As we shrink the size of transistors further and further, the inevitable quantum phenomenon on a nano-scale level starts to prevail. In quantum regime, the general rules of thumb for developing classical computers that we currently have will no longer be valid. However, the weird and often-strange quantum properties can be exploited to build quantum computers, which exhibit a superpower computing capability. While such quantum computers may impose the threat of jeopardizing most of our encryption systems, the quantum mechanical properties also offer the wonderful solution for establishing an absolute-secure and unbreachable quantum communication system, even with the advent of quantum computers. With the emerge of quantum technologies, such as quantum computers and quantum communications, one may ask a judicious question, â€œCan we build the so-called â€˜Quantum Internet?’â€ In this talk, we will try to explore this problem by demystifying the concept of quantum computation and quantum communication accompanied by the recent research progress in this area. Finally, you may wonder if the answer to the question is in the superposition between â€˜yesâ€™ and â€˜noâ€™.
DaryusÂ ChandraÂ received his bachelor of engineering (B.Eng.) and master of engineering (M.Eng.) degree in Electronics Engineering from a five-year integrated bachelor-master programme, Universitas Gadjah Mada, Indonesia, in 2013 and 2014, respectively. After that, he spent one year serving as a Research and Teaching Assistant at the same institution. Since September 2015, he joined the Next Generation Wireless Research Group, University of Southampton for pursuing PhD degree.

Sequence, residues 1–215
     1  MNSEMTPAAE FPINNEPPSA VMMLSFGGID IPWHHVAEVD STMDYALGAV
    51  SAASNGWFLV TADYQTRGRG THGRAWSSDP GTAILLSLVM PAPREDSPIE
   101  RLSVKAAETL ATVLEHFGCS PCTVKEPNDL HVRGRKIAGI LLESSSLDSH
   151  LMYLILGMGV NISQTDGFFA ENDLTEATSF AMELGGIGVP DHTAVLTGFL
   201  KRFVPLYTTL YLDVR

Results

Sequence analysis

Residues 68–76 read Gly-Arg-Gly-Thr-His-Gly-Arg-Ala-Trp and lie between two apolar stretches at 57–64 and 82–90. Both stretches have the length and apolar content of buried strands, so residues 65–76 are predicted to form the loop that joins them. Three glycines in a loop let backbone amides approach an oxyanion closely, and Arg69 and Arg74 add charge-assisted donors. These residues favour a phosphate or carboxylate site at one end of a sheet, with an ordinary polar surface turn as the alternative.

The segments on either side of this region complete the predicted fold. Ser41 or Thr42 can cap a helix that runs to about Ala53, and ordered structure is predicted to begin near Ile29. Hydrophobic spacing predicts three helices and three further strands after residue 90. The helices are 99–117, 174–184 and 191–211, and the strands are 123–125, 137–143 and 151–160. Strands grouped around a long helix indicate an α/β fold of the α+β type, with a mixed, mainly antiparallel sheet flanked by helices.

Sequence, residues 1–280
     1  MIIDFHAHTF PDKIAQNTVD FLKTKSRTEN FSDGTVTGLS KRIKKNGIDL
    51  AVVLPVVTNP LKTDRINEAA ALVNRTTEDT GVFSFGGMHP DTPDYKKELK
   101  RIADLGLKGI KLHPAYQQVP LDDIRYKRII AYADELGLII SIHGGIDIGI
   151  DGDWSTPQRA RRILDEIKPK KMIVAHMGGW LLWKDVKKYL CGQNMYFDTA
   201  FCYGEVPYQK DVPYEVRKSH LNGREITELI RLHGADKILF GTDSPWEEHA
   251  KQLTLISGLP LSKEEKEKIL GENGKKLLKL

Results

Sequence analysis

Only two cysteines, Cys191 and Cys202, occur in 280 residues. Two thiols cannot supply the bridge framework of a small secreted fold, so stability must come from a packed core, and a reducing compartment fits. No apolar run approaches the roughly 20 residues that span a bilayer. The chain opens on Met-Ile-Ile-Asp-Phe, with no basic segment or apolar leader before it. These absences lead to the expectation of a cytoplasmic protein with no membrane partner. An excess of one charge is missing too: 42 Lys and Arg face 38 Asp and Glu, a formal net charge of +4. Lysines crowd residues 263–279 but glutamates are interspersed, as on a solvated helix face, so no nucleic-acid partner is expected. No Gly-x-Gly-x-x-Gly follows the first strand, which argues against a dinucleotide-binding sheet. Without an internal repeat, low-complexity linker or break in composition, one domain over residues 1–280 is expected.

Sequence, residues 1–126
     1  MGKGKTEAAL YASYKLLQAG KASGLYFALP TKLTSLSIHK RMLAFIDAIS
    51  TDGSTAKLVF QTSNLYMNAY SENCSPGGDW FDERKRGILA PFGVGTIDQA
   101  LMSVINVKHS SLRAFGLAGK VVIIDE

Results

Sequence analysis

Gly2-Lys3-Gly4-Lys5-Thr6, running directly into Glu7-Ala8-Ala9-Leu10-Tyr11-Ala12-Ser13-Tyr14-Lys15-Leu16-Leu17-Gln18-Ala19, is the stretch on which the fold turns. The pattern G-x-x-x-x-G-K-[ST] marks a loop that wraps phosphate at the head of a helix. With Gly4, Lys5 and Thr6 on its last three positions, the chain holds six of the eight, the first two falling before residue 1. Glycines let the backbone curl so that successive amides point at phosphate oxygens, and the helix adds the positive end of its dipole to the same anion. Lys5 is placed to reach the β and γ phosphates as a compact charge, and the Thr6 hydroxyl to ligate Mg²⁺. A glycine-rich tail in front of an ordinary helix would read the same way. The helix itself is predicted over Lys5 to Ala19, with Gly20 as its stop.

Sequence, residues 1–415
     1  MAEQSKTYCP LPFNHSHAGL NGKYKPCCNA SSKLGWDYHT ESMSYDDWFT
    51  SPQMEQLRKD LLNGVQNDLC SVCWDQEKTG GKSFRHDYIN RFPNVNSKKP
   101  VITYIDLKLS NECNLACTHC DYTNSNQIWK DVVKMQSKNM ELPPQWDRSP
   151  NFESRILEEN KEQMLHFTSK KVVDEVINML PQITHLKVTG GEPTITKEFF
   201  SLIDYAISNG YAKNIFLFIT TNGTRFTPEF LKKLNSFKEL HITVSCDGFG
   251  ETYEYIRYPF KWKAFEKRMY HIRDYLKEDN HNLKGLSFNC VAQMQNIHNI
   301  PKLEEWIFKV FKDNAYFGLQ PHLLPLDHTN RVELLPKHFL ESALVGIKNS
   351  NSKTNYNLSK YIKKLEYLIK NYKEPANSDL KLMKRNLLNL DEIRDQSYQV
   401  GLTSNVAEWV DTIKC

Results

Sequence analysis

His research interests revolve around quantum information, quantum communication, and quantum error-correction codes. More specifically, the implementation of the quantum error-correction codes for maintaining the reliability of quantum computation and quantum communication system for the near-future quantum computers and quantum internet. Currently, he is also a course instructor managed by Lifelong Learning Department, University of Southampton, delivering an introduction course of quantum computation and communication to public audiences.
In the video (below), Daryus presents his research in a three minute lightening talk.